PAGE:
Fine-Tuning the Gay American Protagonist
Book Review by Jack A. Urquhart ©2011
Reading Alan Chin’s powerfully engaging novel, Butterfly’s Child (Dreamspinner Press, 2010) put me in mind of Vito Russo’s groundbreaking exploration of homosexuals in cinema, The Celluloid Closet (book, 1987). Employing painstaking documentation, Russo exposed the long and sorry history of homosexuals portrayed in film as creatures defined by their sexuality—men (and a very few women) presented as the butt of countless jokes, as victims of violence, and destructive self-hatred.
The trend Russo decried is, of course, no less evident or long standing in literature; think Gore Vidal’s The City and the Pillar (1948), Tennessee Williams’ Cat on a Hot Tin Roof (1955) and Suddenly Last Summer (1959), Mart Crowley’s The Boys in the Band (1968), and, yes—Annie Proulx’s wildly popular 1997 short story, “Brokeback Mountain”. Even in so small a sample, the reader is hard pressed to find a single gay character who isn’t brought low by self-loathing or worse, destroyed outright—usually by an act of extreme violence. And while few would question the literary merit of the works cited, it is surely evident that, until relatively recently, there hasn’t been much (at least in literary fiction) that even hints at the possibility of a homosexual “happily-ever-after”.
A few mainstream exceptions do exist; Jane Hamilton’s under-appreciated gem, The Short History of a Prince (1998), Julia Glass’s Three Junes (2002) and its follow-up, The Whole World Over (2006) spring to mind. And now, count Alan Chin among the growing list of artists—more and more of them, self-identified Indie authors—whose work is helping lay to rest the cruel tradition Russo exposed. Witness Butterfly’s Child, Chin’s novel of fathers and sons, gay and straight.
Cord Bridger, the thirty-four year old ‘star’ of Butterfly’s Child, is most assuredly gay; but Chin casts his protagonist in 3-D creating in the process a complex, nuanced, fully fleshed, and yes—ever-so-humanly damaged hero. Cord’s back-story, presented early in the novel, yields suitably operatic clues (a metaphoric link to Puccini’s opera shows up in an early scene) to his psyche. Paternal abandonment, the subsequent suicide of his mother when he was four, and a youth passed on the culturally deprived high desert plains of Nevada, the reader learns, are the precursors to Cord’s adult existence on the fringes of New York City’s gay A-List.
The bearer of formidable musical gifts, including perfect pitch, Cord’s dreams of a career as a concert pianist—flames stoked by his years at Julliard—have long since cooled to smoke and ashes as the novel opens. Instead, Cord has ‘settled’ into a long-term stint at Steinway where he is the senior voicing specialist for the company’s concert grands—a career that brings Cord no closer to fulfillment than the fleeting moments of genius he sometimes experiences in tuning Steinway’s expensive pianos. In many ways, Cord is an instrument awaiting tuning himself, an emotional tuning, that is—a fact that does not sit well with his successful and increasingly dissatisfied lover, Cameron. In short, Cord’s life in NYC seems almost as lifeless and barren as the minimalist perfection of the Central Park West apartment he shares with his seldom-at-home partner.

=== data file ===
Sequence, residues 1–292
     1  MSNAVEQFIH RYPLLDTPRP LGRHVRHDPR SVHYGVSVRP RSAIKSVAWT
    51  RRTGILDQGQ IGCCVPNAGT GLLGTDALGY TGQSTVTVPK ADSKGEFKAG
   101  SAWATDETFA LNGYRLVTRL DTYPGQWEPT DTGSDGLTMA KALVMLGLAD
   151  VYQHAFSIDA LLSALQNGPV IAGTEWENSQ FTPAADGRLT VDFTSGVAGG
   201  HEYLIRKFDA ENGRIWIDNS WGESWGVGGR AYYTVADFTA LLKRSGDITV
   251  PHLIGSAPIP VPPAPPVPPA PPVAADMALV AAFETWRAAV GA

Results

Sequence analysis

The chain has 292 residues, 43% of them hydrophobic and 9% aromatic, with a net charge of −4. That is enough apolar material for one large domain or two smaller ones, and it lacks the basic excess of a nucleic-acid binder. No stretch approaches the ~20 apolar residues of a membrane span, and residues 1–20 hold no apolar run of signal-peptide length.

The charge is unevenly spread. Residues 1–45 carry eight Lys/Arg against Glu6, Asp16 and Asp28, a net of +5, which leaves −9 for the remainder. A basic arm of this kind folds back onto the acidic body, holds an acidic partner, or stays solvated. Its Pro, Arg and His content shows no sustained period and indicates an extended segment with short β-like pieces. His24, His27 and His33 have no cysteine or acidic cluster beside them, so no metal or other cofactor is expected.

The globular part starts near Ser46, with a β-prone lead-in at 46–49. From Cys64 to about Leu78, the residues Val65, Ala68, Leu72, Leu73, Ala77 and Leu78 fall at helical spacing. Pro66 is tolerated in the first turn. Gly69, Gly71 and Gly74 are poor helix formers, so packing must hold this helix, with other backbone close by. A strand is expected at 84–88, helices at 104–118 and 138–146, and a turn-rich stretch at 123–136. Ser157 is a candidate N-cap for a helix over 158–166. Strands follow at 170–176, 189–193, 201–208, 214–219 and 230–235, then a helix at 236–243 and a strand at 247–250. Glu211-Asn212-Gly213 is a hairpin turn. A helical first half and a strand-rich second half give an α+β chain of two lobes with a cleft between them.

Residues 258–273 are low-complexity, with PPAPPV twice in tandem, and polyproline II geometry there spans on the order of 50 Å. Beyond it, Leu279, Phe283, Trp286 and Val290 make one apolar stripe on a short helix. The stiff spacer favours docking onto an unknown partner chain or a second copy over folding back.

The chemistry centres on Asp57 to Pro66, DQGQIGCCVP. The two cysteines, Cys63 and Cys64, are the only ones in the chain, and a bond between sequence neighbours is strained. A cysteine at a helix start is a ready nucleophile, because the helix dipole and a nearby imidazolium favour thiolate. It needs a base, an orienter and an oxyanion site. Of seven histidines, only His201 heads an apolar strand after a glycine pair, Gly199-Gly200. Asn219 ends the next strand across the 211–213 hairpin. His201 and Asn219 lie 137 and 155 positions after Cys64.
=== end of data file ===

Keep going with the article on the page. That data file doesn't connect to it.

All that changes when the necessity of settling his recently deceased grandmother’s estate draws Cord back to the Nevada ranch (appropriately named ‘Bitter Water’) that he abandoned years earlier. One could argue that Chin’s novel doesn’t take off until Cord deplanes in Nevada. That is because almost from the moment he returns, Cord confronts a host of jarringly inescapable challenges and responsibilities—not the least of which is the fifteen year-old son (the fruit of a teenage fling) that he never knew he had.
A young man bearing the crushing weight of his own abandonment and long-term abuse issues, Cord’s son Kalin and his seven-year old half-brother Jem soon become Cord’s responsibility in a twist that sets up the series of violent, gut-wrenching confrontations that mark the novel’s climax. Add to the cast a new love interest in the person of Tomeo, a practicing Buddhist; Jesse, the boys’ strung-out mother and her sadistically violent abuser, Jack (as truly a loathsome villain as this reader has ever encountered in fiction), and Blake, Cord’s estranged father, and you have the makings of a bona fide page-turner. It helps that Chin, a skillful storyteller, knows how to string the reader along with scenes that stack up and build—sometimes relentlessly, as Cord, increasingly in-tune with what matters, struggles to build and then protect his new family. The result is that Butterfly’s Child offers an exhilarating, moving, sometimes disturbing journey that nevertheless manages to gallop (literally) to a satisfying conclusion.
Speaking of which, I can imagine that some readers might find Chin’s somewhat tidy, Zen-like finish a stretch (given the formidable violence that precedes it). Likewise, it is possible some readers may stumble over the novel’s arguably un-necessary metaphoric dalliance with the Butterfly (Puccini’s and nature’s own variety) and/or the overlay of Buddhist philosophy that Chin delivers courtesy of several longish exchanges between Tomeo and Cord. But, for my part, these do not detract from the novel’s many strengths; indeed, the mini-dissertations on Buddhism seem central to Cord’s eventual arrival at a place of quiet gratitude and contentment.
As for any possible objections to the novel’s gay protagonist-triumphs-over-all ending, I can only wonder how Vito Russo might have addressed that concern—perhaps with an appropriately dismissive “isn’t it about time”?